Hank Willis Thomas (American, b. 1976)
The Cotton Bowl, 2011
The Alfond Collection of Contemporary Art, Cornell Fine Arts Museum, Rollins College
The art of Hank Willis Thomas is held in numerous collections including the Museum of Modern Art, New York; the Oakland Museum of California, the Solomon R. Guggenheim Museum, New York, and the Whitney Museum of American Art, New York.
Hank Willis Thomas’ work explores the similarities between African-American masculinity pre and post-civil war. Willis uses athletes throughout most of his recent series performing various skills while attached to chains. He also uses the noose in this particular series. Titled “Strange Fruit” The work explores the issue of African American’s complicated history with the noose.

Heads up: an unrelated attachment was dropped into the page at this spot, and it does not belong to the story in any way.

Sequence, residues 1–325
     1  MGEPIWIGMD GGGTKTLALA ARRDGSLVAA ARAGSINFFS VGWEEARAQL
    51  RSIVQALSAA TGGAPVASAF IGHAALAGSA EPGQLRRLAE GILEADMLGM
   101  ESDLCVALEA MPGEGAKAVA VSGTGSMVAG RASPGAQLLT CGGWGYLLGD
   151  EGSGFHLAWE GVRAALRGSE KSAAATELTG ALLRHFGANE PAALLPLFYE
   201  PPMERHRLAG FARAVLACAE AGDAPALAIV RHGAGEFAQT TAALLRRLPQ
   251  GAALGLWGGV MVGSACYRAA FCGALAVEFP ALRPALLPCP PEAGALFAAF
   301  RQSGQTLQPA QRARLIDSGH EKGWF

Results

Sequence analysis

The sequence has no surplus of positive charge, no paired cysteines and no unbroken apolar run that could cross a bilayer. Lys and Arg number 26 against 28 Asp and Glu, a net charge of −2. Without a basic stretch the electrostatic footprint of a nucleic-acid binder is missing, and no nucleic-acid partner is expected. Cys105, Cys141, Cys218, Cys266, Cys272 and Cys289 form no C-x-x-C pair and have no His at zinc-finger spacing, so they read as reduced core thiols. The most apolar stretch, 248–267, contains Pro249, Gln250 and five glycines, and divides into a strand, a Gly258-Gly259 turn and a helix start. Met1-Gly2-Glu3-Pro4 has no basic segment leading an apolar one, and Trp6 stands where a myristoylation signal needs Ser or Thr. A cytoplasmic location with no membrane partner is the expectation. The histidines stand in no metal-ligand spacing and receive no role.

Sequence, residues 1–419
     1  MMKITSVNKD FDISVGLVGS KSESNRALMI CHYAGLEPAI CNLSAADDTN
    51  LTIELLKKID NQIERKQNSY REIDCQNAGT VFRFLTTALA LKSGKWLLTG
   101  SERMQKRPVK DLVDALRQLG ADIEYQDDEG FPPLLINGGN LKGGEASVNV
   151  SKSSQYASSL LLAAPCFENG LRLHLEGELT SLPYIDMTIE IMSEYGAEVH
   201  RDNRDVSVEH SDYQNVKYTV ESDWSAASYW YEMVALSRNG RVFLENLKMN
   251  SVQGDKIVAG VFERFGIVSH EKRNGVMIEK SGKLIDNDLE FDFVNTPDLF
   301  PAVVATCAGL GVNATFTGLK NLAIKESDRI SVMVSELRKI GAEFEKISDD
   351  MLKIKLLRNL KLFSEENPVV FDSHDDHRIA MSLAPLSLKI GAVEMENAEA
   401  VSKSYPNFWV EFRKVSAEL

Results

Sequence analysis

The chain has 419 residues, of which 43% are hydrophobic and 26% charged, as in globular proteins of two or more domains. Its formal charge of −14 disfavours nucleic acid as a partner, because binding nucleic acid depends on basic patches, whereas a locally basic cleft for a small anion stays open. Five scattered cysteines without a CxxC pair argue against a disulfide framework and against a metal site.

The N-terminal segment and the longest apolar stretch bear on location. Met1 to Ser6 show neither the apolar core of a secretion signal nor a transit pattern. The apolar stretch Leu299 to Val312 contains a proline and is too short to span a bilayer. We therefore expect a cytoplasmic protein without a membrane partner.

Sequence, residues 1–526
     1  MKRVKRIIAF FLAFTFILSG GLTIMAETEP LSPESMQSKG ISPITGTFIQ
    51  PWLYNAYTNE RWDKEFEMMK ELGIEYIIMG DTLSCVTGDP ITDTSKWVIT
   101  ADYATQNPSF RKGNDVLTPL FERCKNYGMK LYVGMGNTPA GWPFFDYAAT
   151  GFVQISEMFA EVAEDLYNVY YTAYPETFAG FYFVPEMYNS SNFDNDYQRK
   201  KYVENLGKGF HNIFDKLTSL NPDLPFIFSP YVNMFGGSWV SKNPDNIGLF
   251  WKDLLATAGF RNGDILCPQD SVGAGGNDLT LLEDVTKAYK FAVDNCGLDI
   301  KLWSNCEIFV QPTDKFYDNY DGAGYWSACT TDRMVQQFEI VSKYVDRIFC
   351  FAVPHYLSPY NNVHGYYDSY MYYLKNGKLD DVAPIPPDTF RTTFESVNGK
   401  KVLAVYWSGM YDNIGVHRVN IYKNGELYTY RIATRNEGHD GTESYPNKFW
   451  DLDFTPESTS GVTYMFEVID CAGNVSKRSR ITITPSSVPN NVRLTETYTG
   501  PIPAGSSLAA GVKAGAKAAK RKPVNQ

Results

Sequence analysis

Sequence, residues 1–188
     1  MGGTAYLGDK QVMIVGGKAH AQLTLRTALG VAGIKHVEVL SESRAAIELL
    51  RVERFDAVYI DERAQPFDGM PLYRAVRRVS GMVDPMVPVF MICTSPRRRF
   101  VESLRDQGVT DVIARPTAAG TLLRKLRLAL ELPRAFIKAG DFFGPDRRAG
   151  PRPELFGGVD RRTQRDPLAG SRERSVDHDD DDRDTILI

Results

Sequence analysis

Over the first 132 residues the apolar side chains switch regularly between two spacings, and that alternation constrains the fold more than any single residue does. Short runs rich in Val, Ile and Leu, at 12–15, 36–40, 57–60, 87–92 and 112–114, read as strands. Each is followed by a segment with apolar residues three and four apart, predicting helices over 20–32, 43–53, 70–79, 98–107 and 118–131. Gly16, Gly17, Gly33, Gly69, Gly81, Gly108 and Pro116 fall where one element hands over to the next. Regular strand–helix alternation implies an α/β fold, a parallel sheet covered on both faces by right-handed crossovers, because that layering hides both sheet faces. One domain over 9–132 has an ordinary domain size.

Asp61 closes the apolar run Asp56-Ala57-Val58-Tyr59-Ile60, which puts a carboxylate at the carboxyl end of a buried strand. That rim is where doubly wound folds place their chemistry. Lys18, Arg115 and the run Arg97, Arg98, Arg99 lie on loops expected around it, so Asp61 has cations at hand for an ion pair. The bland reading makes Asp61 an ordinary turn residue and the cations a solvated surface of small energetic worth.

In his piece “The Cotton Bowl” Thomas explores the juxtaposition of two industries that are viewed as exploiting black men, particularly African-American college athletes.
Thomas, born in 1976 in Plainfield, New Jersey, received a BFA in photography and African Studies at New York University. He earned an MFA in photography and an MA in visual criticism at California College of the Arts. Thomas has had solo exhibitions at the Brooklyn Museum of Art, the Cleveland Museum of Art, the Jack Shainman Gallery, New York and the Corcoran Gallery of Art in Washington D.C.. Thomas has received several honors to include the W.E.B Du Bois Institute President Fellowship at Harvard University in 2011.
The Cotton Bowl is part of the Alfond Collection of Contemporary Art gifted by Barbara and Theodore Alfond.
Image courtesy of the artist and Jack Shainman Gallery, New York